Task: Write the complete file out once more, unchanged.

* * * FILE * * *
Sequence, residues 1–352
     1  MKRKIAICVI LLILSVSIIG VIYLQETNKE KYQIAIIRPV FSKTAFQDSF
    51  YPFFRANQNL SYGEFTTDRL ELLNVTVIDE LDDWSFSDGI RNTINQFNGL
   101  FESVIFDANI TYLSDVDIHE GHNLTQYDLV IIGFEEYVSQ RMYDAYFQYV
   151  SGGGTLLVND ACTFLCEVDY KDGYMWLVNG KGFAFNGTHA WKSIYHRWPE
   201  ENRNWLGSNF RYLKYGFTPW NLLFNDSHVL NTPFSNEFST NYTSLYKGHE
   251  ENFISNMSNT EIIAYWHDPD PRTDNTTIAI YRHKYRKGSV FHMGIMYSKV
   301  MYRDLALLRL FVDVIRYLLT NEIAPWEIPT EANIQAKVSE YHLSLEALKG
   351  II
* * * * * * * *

Sequence, residues 1–352
     1  MKRKIAICVI LLILSVSIIG VIYLQETNKE KYQIAIIRPV FSKTAFQDSF
    51  YPFFRANQNL SYGEFTTDRL ELLNVTVIDE LDDWSFSDGI RNTINQFNGL
   101  FESVIFDANI TYLSDVDIHE GHNLTQYDLV IIGFEEYVSQ RMYDAYFQYV
   151  SGGGTLLVND ACTFLCEVDY KDGYMWLVNG KGFAFNGTHA WKSIYHRWPE
   201  ENRNWLGSNF RYLKYGFTPW NLLFNDSHVL NTPFSNEFST NYTSLYKGHE
   251  ENFISNMSNT EIIAYWHDPD PRTDNTTIAI YRHKYRKGSV FHMGIMYSKV
   301  MYRDLALLRL FVDVIRYLLT NEIAPWEIPT EANIQAKVSE YHLSLEALKG
   351  II